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Courtesy Mark Arax

Mark Arax On Chasing The Stories For His Fourth Book: The Dreamt Land

Today in our studio, the writer and journalist Mark Arax reads from "The Dreamt Land: Chasing Water and Dust Across California." He also talks about the writer's process and the magic and plunder, the defiance of the natural world, that shape water politics and agriculture in the state.

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Brian Krans

 

 

 

 

From early on in the investigation into the March 15th death of Ethan Morse, Atwater Police Chief Michael Salvador had a good description of the alleged gunman. It was based on video surveillance and descriptions from people who saw the alleged gunman walking around town the day of the fatal shooting.  

“Hispanic male, medium build, wearing a blue sweatshirt and red pants, a very, very distinct color pattern,” he says.

Laura Tsutsui / Valley Public Radio

It’s clear that some non-profits, also called community benefit organizations, can really change a place through advocacy and education. However, keeping those organizations going is often dependent on gifts, grants, and fundraising.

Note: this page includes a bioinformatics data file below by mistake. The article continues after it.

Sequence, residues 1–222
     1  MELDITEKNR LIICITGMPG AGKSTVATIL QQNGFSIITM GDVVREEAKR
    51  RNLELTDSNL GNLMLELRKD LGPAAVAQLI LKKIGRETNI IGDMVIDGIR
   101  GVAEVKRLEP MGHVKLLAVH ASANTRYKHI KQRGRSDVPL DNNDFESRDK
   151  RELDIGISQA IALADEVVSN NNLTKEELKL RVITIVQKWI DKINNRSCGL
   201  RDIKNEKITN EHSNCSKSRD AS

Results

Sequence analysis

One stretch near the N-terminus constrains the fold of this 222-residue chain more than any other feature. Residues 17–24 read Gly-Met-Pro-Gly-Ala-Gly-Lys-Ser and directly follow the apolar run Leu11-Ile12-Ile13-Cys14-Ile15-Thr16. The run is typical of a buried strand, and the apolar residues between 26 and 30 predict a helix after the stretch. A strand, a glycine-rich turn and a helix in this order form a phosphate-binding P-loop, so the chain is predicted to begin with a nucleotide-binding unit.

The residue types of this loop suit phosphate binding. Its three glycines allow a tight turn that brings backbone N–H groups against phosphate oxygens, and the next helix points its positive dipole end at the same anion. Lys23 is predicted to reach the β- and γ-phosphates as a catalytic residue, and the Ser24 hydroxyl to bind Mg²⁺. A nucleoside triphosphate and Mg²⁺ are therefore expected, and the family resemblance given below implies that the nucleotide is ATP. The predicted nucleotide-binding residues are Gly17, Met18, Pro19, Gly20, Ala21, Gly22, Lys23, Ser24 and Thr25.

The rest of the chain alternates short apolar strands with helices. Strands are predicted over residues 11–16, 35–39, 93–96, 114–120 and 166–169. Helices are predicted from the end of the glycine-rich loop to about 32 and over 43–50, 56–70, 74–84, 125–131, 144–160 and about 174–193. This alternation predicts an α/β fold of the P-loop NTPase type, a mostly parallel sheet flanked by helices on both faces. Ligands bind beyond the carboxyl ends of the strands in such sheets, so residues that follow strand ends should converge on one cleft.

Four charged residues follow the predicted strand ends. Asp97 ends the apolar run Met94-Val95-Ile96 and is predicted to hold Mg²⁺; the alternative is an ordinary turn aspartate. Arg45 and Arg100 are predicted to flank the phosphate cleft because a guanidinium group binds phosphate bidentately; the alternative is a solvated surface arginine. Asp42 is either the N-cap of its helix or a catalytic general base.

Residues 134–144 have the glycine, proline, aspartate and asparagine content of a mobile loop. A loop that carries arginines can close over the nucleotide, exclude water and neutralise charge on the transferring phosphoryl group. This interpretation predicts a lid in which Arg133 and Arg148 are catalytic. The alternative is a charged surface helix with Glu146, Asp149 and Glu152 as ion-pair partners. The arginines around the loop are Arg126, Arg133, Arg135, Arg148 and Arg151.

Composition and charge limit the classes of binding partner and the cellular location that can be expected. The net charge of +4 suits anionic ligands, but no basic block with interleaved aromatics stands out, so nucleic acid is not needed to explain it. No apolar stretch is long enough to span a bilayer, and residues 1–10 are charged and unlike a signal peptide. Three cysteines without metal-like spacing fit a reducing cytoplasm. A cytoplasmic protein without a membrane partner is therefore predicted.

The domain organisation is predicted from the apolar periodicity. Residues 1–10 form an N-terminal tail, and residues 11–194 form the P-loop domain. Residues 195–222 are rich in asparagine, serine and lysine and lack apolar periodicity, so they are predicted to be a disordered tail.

Fresno State’s Humanics Program teaches students about philanthropy, leadership and how to run a CBO. Yesterday was the annual Students4Giving presentation -- students awarded three $5,000 grants to CBOs in the Central Valley.

Courtesy Larry Jarocki

This year, National Public Radio asked students and teachers to put on some headphones, grab microphones and turn stories into sound, all for NPR’s first ever Student Podcast Challenge. Thousands of podcasts were entered from more than 1500 schools nationwide. Topics ranged from gun control to mental health, from mythology to hedgehogs. Today, we’re going to talk to one of the finalists in the high school category. Her name is Megan Tucker and she’s a sophomore at El Diamante High School in Visalia. Her podcast is called “The Lack of Specialized Health Care in Small Towns.”